Apple World Today News Update: February 22, 2018

 The original of this employment application filled out by Steve Jobs in 1973 could be yours!

The original of this employment application filled out by Steve Jobs in 1973 could be yours!

Today's news brings us word about more screenshots in the iOS App Store, an auction of items signed by Steve Jobs, and a quasi-scientific test of car navigation apps by an Adobe manager:

  • Apple now allows developers put submit up to 10 screenshots per device type for their App Store listings
  • Want a piece of history? Three items signed by Steve Jobs are going up for auction soon, including an employment application from 1973 (see image at top of page)
  • Bored by your commute? Gather data for an unofficial test of car navigation apps like this Adobe senior manager did

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Text Version

 

This is Steve Sande for Apple World Today, and you’re listening to the AWT News Update podcast for Thursday, February 22, 2018. 

Developers and potential app buyers can be happier today since App Store listings can now show up to 10 screenshots per device type instead of the previous 5. That means that if an app includes iPad, iPhone, Apple TV and Apple Watch components, a developer can show up to 40 screenshots per app. Developers will still be able to submit 30-second preview videos if they wish, but the doubling of screenshots should help developers give potential buyers a better idea of how an app is going to work by detailing more features or game levels and characters. 

Want a piece of history? RR Auction will be auctioning off three items signed by Steve Jobs starting on March 8th with bidding ending a week later. Now each item is likely to sell at a price of between $15,000 and $50,000, simply because Jobs hated to give autographs and signed items are rare. The first item, and the one valued at about $50,000, is an employment application filled out by the late Apple CEO in 1973 after he dropped out of Reed College. The second item, worth about $25,000, is a signed Mac OS X manual from 2001. The person who is selling the manual said that it was the end of a day of Mac OS X Administration training and he saw Jobs walking to his car, so he talked him into signing the cover of the book. The last is a signed newspaper article about the iPhone 3G, which includes not only Steve Jobs’ autograph, but that of iPod creator Tony Fadell as well. It’s being sold by a man who was about 10 years old at the time — his mother saw Jobs and Fadell sitting outside a frozen yogurt store and she asked Jobs to sign it. The man says “My mom is pretty persuasive and was eventually able  to convince Steve to sign; but under Steve’s condition that the person sitting with him would have to sign it as well.” Fadell, by the way, left Apple after helping design the iPhone, started Nest, and then sold that company to Google for $3.2 billion.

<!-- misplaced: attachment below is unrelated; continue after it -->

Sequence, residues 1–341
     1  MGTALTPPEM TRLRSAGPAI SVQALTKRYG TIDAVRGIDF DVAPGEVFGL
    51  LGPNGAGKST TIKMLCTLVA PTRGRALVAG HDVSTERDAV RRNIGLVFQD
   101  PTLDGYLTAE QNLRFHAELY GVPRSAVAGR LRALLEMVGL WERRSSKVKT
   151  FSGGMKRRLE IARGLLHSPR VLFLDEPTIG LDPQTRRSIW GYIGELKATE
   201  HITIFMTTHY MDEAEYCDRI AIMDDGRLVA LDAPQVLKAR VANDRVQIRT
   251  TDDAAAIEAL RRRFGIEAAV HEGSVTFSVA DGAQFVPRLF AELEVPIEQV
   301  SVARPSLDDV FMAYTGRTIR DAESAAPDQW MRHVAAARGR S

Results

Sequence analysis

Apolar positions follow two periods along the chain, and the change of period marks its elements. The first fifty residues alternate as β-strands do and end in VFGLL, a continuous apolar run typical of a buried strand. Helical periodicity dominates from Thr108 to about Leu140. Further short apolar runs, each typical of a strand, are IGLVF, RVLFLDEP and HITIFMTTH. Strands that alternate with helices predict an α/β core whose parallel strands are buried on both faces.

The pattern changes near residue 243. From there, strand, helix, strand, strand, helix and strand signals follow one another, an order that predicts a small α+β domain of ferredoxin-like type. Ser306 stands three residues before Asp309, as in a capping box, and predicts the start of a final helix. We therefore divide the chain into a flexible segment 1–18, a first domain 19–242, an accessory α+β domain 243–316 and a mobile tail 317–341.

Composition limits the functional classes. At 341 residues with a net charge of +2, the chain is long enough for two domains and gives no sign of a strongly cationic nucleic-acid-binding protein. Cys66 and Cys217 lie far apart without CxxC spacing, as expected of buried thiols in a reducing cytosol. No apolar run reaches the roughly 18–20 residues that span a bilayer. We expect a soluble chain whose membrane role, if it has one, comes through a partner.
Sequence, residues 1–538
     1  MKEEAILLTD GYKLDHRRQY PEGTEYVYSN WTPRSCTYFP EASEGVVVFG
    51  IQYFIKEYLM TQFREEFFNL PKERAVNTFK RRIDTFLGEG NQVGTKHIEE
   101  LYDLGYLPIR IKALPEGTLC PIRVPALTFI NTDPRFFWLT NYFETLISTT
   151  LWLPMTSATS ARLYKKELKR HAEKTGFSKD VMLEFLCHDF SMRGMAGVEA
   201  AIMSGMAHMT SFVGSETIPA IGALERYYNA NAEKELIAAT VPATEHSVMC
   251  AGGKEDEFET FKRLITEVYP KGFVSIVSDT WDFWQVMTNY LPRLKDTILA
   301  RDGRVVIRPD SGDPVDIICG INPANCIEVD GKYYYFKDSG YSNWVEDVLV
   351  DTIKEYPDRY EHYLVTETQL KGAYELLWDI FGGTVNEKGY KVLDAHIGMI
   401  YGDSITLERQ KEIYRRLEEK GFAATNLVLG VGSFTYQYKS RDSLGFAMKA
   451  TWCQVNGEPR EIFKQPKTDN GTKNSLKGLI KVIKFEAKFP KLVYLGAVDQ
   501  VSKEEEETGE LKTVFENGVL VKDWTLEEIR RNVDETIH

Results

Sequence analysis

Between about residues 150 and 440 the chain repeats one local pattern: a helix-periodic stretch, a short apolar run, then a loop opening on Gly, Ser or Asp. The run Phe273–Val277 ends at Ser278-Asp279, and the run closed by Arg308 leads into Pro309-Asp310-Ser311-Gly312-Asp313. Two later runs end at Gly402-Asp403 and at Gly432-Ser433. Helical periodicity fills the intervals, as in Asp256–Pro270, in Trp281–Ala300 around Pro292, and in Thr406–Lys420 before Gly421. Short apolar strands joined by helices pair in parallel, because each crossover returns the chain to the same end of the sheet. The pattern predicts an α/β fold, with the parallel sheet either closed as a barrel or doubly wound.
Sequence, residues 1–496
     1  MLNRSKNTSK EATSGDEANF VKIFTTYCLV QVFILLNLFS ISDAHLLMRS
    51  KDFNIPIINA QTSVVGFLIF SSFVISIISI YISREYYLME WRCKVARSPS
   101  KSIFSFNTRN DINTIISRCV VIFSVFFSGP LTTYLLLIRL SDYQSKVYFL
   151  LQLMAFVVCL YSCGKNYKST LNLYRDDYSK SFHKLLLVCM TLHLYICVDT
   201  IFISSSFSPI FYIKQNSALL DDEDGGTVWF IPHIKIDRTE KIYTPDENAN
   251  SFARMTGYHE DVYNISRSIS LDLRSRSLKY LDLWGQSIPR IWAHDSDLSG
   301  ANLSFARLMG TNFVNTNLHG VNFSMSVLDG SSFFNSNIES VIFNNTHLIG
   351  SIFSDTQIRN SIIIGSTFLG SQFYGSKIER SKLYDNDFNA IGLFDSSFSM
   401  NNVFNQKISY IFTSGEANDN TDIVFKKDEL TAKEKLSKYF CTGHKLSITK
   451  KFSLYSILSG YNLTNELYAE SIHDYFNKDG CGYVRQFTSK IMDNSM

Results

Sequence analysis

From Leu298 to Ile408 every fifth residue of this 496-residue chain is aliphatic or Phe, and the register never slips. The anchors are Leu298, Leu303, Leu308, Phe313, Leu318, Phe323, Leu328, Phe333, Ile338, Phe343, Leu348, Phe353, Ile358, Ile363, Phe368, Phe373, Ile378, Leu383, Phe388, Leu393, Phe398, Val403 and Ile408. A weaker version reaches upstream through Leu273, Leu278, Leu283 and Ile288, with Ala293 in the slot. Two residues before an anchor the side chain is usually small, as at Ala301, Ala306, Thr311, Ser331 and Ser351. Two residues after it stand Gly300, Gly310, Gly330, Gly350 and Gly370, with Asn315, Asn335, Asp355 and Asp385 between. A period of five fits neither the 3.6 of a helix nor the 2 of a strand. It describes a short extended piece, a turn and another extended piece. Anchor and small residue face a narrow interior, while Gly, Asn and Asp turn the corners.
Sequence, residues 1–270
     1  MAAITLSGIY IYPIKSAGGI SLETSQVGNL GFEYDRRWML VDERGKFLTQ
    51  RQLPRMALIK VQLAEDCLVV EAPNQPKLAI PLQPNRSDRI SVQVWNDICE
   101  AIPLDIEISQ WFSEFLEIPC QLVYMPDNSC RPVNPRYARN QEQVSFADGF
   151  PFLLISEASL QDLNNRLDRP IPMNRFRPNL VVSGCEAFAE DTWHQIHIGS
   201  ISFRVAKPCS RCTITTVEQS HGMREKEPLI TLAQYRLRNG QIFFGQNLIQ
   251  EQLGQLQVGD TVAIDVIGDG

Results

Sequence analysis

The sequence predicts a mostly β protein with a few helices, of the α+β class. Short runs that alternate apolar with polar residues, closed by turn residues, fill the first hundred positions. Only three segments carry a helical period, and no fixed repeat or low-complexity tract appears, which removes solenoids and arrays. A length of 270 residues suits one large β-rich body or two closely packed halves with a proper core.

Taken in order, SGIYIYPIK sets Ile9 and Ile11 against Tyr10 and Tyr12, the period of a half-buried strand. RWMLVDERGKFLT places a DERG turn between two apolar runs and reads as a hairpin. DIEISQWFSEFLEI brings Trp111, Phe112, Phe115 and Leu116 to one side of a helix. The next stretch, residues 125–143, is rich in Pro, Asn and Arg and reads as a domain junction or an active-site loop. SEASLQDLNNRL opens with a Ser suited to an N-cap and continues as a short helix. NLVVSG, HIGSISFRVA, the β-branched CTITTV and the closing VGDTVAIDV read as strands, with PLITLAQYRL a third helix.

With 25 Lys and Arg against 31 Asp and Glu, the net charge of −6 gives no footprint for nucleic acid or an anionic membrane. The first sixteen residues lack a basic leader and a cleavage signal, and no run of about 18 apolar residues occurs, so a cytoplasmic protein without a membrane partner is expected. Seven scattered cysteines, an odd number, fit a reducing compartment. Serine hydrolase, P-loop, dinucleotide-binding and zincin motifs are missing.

A senior manager at Adobe put his daily commute to good use, doing a semi-scientific test of the three top car navigation apps — Apple Maps, Google Maps, and Waze. Artur Grabowski said that he spent “the majority” of 2017 collecting data on the three apps, and he found that relative to Google Maps, Apple’s estimated trip times were about 8 percent longer. However, real arrival times with Apple Maps were about 1 percent faster than predicted. Grabowski conjectures that “Apple sandbags its estimates so that users on average arrive at the predicted time or slightly sooner,” and argues that the company is being “intentionally conservative” to provide a good user experience. Grabowski’s conclusion? “If you want to get to your destination most quickly, use Google Maps. If you want an accurate prediction from your navigation app to help you arrive at your destination on time, use Apple Maps. If thinking you’ll get to your destination quickly helps to ease your commuter anxiety, use Waze.” Grabowski’s testing was all done in the San Francisco Bay Area, and a third of the routes were for his commute.

That’s all the news for today - join me tomorrow afternoon for another edition of the AWT News Update.